Pope Francis – Discovering the authentic face of man through the Face of Jesus

On November 10th, during his visit to the beautiful city of Florence, Italy, Pope Francis spoke about the Holy Face of Jesus and the authentic face of man:

Pope Francis
Pope Francis

“We can speak about humanism only by starting from the centrality of Jesus, discovering in Him the features of the authentic face of man.  And the contemplation of the face of the dead and risen Jesus that recomposes our humanity, fragmented as it may be by the hardships of life, or marked by sin.  We must not domesticate the power of the face of Christ.  The face is the image of His transcendence…. I do not wish here to draw an abstract image of the ‘new humanism,’ a certain idea of man, but to present with simplicity some features of Christian humanism, which is that of the sentiments, the mind of Christ.  These are not abstract temporary sensations but rather represent the warm interior force that makes us able to live and to make decisions:”


“The first sentiment is humility. The obsession preserving one’s own glory and ‘dignity,” one’s own influence, must not form part of our sentiments.  We must seek God’s glory, that does not coincide with ours.  God’s glory that shines in the humility of the stable in Bethlehem or in the dishonor of Christ’s cross always surprises us.”


“Another sentiment is selflessness; The humanity of the Christian is always outward-looking.  Please, let us avoid ‘remaining shut up within structures which give us a false sense of security, within rules which make us harsh judges, within habits that make us feel safe.’  Our duty is to make this world a better place, and to fight.  Our faith is revolutionary because of the inspiration that comes from the Holy Spirit.”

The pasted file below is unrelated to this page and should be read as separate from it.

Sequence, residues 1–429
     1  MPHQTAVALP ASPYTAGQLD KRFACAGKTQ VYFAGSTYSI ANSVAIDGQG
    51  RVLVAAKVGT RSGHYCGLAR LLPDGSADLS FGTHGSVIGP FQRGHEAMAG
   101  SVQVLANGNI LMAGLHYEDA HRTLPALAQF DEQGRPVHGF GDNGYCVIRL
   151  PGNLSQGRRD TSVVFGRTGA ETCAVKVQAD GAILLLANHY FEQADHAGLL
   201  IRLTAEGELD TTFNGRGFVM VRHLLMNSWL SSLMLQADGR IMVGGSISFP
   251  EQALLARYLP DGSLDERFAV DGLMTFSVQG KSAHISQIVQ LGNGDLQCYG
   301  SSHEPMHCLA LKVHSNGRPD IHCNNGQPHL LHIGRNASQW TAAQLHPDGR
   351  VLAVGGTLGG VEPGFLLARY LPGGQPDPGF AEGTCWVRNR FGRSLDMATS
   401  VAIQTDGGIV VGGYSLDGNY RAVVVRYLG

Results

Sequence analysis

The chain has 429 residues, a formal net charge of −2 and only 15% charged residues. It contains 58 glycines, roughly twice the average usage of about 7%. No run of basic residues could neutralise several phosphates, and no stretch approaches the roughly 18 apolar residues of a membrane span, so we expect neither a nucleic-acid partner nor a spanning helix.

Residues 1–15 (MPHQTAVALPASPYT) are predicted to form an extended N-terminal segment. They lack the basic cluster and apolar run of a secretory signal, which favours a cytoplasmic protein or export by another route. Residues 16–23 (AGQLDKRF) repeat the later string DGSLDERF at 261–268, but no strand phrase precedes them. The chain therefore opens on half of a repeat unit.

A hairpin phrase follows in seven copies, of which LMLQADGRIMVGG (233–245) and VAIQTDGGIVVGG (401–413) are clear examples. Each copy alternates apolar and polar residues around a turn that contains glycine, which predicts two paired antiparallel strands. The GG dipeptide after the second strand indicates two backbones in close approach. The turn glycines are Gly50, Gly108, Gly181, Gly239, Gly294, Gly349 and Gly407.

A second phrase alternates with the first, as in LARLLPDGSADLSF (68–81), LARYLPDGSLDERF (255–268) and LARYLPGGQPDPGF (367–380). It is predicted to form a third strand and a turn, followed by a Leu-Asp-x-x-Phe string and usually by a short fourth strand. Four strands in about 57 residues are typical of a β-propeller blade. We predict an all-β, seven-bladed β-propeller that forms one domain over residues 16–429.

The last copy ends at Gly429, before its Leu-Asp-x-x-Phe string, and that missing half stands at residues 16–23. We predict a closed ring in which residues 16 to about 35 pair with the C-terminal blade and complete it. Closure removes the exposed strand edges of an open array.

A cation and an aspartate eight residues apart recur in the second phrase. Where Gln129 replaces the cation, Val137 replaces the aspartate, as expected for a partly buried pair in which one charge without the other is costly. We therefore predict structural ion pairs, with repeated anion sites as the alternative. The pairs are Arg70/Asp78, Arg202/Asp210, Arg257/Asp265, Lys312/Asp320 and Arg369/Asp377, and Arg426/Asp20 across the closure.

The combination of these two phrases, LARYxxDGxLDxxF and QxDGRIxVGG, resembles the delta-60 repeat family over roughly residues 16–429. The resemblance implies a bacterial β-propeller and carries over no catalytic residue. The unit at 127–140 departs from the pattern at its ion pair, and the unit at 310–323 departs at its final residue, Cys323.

“Another of Jesus Christ’s sentiments is beatitude.  The Christian is blessed.  In the Beatitudes, the Lord shows us the path.  By taking it, we human beings can arrive at the most authentically human and divine happiness.  For the great saints, beatitude is about humiliation and poverty.  But also in the most humble of our people there is much of this beatitude:  it is that of he who knows the richness of solidarity, of sharing the little he possesses.  The Beatitudes we read in the Gospel begin with a blessing and end with a promise of consolation.  They introduce us to a path of possible greatness, that of the spirit, and when the spirit is ready all the rest comes by itself.”

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